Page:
LONDON (AP) — BP said Friday that one of its minority partners in the blown-out Gulf of Mexico well agreed to cover about $1.1 billion in costs. That's raising hopes the oil giant can get money from other companies involved and reduce its bill for the disaster.
BP said that MOEX Offshore 2007 LLC, which had a 10 percent interest in the Macondo well, agreed to recognize findings by the U.S. Presidential Commission that the accident resulted from "oversights and outright mistakes by multiple parties and a number of causes."
As a minority partner, MOEX was obligated to pay a percentage of the cleanup costs. But it had refused to pay BP on the grounds that the incident was the result of BP's negligence. MOEX's about-face is important because it's the first time another company has agreed that BP wasn't solely responsible for the disaster.
MOEX, a unit of Japanese trading house Mitsui & Co., agreed to pay $1.065 billion to settle all claims between the companies. BP said MOEX also acknowledged a U.S. Coast Guard investigation that placed some blame on Transocean, owner of the Deepwater Horizon rig that exploded and sank in April 2010.
BP shares rose 91 cents to $44.80 in New York. Analysts said the deal puts pressure on BP's other minority partner, Anadarko Petroleum Corp., to reach a similar deal.
Argus Research analyst Phil Weiss said the settlement should benefit each of the well owners. That includes Anadarko, which has maintained that BP is responsible for all spill-related costs because it was grossly negligent in its handling of the well.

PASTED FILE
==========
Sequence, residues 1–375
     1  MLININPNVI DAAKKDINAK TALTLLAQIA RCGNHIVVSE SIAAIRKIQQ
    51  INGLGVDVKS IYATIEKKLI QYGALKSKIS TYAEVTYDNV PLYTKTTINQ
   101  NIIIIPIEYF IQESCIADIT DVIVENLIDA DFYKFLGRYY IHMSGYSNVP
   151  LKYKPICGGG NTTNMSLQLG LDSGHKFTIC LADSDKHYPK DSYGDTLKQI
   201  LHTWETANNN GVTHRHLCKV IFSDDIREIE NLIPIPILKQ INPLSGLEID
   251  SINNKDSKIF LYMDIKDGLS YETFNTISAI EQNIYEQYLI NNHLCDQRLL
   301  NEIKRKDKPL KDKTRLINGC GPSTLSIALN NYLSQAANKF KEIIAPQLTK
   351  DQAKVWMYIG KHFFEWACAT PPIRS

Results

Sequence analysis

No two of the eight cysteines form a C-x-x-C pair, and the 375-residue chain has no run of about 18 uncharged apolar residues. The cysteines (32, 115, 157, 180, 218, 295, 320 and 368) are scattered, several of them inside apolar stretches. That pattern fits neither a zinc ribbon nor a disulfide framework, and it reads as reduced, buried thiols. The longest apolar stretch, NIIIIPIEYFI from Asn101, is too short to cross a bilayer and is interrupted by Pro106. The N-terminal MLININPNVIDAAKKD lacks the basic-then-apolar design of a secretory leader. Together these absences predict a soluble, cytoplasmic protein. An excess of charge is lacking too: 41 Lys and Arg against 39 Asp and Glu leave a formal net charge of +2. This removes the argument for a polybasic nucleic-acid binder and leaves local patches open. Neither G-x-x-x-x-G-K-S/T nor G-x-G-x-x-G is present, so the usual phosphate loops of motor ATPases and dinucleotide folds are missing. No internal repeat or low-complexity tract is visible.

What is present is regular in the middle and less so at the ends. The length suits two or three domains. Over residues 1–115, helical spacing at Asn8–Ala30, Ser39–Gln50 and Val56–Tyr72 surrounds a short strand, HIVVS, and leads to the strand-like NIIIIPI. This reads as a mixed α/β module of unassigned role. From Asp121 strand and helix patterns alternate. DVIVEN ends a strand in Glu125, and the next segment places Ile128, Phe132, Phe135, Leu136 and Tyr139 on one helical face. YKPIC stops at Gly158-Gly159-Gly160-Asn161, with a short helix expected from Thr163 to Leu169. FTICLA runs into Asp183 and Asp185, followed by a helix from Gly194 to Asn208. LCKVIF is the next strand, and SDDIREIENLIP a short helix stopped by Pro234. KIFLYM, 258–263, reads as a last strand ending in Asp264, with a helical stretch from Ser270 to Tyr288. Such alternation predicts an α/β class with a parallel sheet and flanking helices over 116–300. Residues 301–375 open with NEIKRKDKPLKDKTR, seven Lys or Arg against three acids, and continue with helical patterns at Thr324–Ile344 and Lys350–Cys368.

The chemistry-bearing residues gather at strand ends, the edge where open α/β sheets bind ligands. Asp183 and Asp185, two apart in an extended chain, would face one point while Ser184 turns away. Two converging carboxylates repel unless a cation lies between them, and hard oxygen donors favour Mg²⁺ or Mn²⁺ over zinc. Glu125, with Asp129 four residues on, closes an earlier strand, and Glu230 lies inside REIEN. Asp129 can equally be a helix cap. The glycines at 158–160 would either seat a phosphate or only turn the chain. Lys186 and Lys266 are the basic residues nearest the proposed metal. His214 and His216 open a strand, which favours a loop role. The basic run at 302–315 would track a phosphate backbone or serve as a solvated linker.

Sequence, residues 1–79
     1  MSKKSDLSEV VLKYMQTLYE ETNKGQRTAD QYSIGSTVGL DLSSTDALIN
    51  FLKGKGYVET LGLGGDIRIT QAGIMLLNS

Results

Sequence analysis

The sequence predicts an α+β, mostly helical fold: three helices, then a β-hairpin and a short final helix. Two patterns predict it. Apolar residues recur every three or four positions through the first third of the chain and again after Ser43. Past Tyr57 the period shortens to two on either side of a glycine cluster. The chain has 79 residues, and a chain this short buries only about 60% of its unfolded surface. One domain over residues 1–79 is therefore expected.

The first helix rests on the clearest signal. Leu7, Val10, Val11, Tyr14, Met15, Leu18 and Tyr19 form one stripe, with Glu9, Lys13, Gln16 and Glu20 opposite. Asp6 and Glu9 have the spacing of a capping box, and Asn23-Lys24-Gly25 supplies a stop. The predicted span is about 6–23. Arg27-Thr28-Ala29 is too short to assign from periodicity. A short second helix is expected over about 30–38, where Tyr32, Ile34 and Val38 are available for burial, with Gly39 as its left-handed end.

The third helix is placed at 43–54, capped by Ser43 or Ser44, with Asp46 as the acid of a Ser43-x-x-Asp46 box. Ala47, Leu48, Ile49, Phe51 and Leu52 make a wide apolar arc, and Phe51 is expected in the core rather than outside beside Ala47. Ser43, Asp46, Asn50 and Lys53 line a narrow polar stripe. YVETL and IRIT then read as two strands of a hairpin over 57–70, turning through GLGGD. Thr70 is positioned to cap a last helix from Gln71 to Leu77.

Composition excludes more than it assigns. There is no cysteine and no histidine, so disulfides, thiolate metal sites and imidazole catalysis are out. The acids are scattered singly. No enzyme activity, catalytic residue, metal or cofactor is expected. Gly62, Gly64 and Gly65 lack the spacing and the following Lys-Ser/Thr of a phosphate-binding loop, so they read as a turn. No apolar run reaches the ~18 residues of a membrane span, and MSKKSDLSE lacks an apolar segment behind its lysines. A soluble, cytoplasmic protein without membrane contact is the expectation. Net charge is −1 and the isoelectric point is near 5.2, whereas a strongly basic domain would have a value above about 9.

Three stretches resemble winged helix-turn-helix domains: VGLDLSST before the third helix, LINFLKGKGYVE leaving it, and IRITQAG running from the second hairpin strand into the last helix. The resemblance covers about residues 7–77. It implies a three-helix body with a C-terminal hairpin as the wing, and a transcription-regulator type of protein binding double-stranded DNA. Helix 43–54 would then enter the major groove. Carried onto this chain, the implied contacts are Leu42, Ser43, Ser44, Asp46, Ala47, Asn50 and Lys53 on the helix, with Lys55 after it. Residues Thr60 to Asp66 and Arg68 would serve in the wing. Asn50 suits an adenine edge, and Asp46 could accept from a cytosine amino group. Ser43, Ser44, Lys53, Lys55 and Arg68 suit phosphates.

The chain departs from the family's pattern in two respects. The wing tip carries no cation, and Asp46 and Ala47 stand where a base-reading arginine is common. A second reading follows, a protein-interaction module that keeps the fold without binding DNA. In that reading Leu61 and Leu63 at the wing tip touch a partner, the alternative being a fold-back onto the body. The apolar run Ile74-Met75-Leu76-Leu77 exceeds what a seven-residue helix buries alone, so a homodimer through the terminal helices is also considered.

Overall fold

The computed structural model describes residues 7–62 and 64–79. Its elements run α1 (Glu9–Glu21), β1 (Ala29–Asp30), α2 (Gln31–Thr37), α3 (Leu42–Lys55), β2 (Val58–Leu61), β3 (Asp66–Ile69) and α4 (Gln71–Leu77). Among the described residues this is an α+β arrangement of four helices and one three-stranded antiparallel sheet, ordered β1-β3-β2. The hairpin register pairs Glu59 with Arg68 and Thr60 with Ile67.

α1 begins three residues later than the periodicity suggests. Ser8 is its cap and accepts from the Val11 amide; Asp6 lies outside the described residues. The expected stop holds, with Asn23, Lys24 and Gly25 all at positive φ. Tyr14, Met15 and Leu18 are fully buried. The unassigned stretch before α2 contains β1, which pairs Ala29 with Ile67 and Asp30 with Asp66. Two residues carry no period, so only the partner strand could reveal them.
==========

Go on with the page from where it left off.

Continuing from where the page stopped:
Weiss said MOEX seems to be getting off easy. A fair contribution would have been about four times more than what MOEX agreed to pay, since the spill cost BP about $40 billion so far and MOEX owned 10 percent of the well.
He said the settlement increases the odds that
BP can collect from Anadarko and other companies involved. That includes Transocean and oil services contractor Halliburton Co. And it signals to shareholders that BP may not face tougher fines for gross negligence under the Clean Water Act.
Anadarko was on the hook for as much as $10 billion, Weiss said, because of its 25 percent stake in the well. Now it knows BP may accept much less. If it gets the same deal as MOEX, that payment could be about $2.5 billion, Weiss estimated.
"This is going to accelerate the pace of talks between them, and I'll bet they'll settle within the next few months," Weiss said.
Anadarko shares added $3.82, or 5.3 percent, to $75.46 per share in afternoon trading. BP shares gained 99 cents, or 2.2 percent, to $44.88 and Mitsui shares lost 25 cents, or 1.5 percent to $16.46.
Anadarko officials said Friday the MOEX settlement hasn't changed anything.
"Our position remains consistent with our previous statements; however, we view BP's willingness to reach settlement with MOEX as a positive step," Anadarko spokesman John Christiansen said.
BP is targeting $30 billion in asset sales by the end of the year to shore up funds.
The news of the settlement coincided with a report from London-based financial services group Investec calling on BP's board to split the company into three separate groups — focused on the United States, Britain and emerging countries.
Investec noted that BP has underperformed the market by 14 percent in dollar terms. Shares are still down 26 from their level just before the oil spill in the Gulf.
"BP's business model is broken, in our view," Investec analysts Stuart Joyner and Angus McPhail said in a note. The analysts suggested a U.S. unit listed in New York containing BP's U.S. refining and gas exploration & production businesses. A separate exploration & production business could be listed in London focusing on Britain and mature markets, the analysts said, with a high-growth unit targeting developing countries listed in London and Mumbai/Hong Kong.
AP Energy Writer Chris Kahn contributed to this story from New York.